Football: Redknapp eclipses the son

The Premiership: West Ham exploit Liverpool's inconsistency as Newcastle striker recaptures form; West Ham United 2 Liverpool 1 Hartson 4, Berkovic 51 Riedle 88 Half- time: 1-0 Attendance: 29,029

ONCE AGAIN, those impudent East End urchins showed scant respect for title aspirants who came to lord it over them. Any highfalutin ideas that Liverpool, the league leaders before the start, may have harboured of the progress made under the new management pairing of Roy Evans and Gerard Houllier were rudely dispelled by a West Ham side, who displayed great qualities of regeneration after the bizarre reversal of fortune against Wimbledon here three days previously.

West Ham's goalkeeper Shaka Hislop, the subject of a degree of criticism after conceding those four goals against the Dons, frustrated the visitors with outstanding second-half saves from Patrik Berger and Jamie Redknapp. With the referee Jeff Winter also rejecting two penalty appeals there was a conviction afterwards in the Liverpool camp that they had deserved to salvage more than Karlheinz Riedle's belated goal from the contest.

But that would have done a disservice to Harry Redknapp's team and the manager admitted later: "We showed a lot of character to come back today after what happened on Wednesday. It could have gone either way because confidence was low and the players were a bit on the floor, but Wrighty geed everybody up and they went out and performed. We got off to a good start and the crowd responded."

How the pages might have unfolded had the German striker Reidle been on the field from the start, rather than being thrust into the fray after 53 minutes in place of Steve Harkness when Liverpool were already two goals adrift, can only be imagined. Evans' fellow joint manager Houllier maintained afterwards that Reidle had been "rested" in advance of Tuesday's Uefa Cup tie. But with the England striker Michael Owen left to mount a lone assault on Hislop's goal in the first half Liverpool's menace in front of it failed to reflect the creative acumen in midfield until it was far too late.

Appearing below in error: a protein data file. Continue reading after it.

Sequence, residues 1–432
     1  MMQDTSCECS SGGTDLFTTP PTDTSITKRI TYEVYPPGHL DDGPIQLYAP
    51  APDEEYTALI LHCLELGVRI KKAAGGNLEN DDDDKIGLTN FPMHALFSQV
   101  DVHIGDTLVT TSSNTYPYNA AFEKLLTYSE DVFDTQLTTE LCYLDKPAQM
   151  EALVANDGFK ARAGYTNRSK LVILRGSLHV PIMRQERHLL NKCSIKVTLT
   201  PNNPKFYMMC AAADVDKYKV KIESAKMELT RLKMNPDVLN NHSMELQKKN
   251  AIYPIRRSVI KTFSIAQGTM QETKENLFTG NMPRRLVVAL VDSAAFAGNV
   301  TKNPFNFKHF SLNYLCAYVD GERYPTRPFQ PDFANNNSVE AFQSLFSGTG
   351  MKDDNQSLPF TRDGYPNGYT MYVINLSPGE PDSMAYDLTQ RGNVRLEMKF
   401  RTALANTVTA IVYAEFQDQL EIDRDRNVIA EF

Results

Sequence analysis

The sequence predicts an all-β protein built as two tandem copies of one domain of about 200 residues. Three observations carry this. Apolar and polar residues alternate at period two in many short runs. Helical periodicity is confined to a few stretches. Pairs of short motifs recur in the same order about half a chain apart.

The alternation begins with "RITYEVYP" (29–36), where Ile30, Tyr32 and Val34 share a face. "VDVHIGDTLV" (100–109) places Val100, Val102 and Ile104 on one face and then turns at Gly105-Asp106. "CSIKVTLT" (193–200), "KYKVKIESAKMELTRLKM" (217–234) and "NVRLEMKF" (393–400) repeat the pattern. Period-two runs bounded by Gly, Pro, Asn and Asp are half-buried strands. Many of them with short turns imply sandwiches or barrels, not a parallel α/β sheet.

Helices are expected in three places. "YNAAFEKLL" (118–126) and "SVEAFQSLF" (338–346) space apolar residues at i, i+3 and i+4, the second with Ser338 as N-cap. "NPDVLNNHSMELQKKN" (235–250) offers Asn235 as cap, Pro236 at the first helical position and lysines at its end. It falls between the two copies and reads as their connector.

It could have been a different story, too, had West Ham not got off to a flyer from John Hartson, just as they had on Wednesday. On that occasion he took seven minutes to score; here he was on target after just four, although his header from Frank Lampard's excellent corner took a grotesque deflection off Jamie Carragher to deceive the floundering Brad Friedel.

Having scored three times in the first half an hour against Wimbledon before sacrificing the points by conceding four goals in the last hour, West Ham were hardly likely to regard that goal as sufficient against a team of Liverpool's character. And so it proved, as they pressed forward to enforce their advantage. The Hammers faithful, already in rabid mood at the sight of their former midfielder, now Liverpool captain, Paul Ince, who is always assured of a torrid reception at Upton Park, reacted with their customary reserve. Something akin to the atmosphere in a cock-fighting pit. And Redknapp's team responded in kind.

The Hammers manager had conceded before the game that his side might be vulnerable to the absence of the injured the England centre-back Rio Ferdinand, but so deep did Liverpool play and with Owen lacking a striking foil, they failed to trouble Hislop before the break, other than one opening fashioned for himself by the teenage England prodigy which culminated with him driving rather impetuously just over the bar. Owen also so wrong- footed Neil Ruddock that his cross struck the former Anfield man's arm, but referee Winter rejected vehement penalty appeals. It had Evans complaining later that there had been "a very large suspicion of handball."

But these were rare sorties into the West Ham half before half-time. It was Redknapp's side, with Hartson in a typically competitive frame of mind and Ian Wright showing his appetite by being cautioned for a foul soon after the break, who appeared more likely to register further embarrassment on the faces of the Liverpool defenders.

They had to wait until four minutes after the break to do so. Hartson supplied Eyal Berkovic with the pass and the diminutive Israeli lost no time on driving the ball home under Friedel, who appeared to be unsighted by his own defenders.

As in the first period, Liverpool took time to discover their rhythm as an attacking force and Riedle's introduction gave Redknapp and Steve McManaman a new target for their creative talents, but Liverpool remained frustrated with Hislop plunging first to his left and then to his right to deny first Berger and then a well struck free-kick by his manager's son, Redknapp.

With 20 minutes remaining the Liverpool management also threw on Jason McAteer for Vegard Heggem and he produced two typical wicked crosses, the first of which Reidle headed against the post. His header from the second eluded Hislop's fingers, giving Liverpool a chance of retaining their unbeaten record, but they failed to make any further inroads, with Hislop being well positioned to save from Redknapp.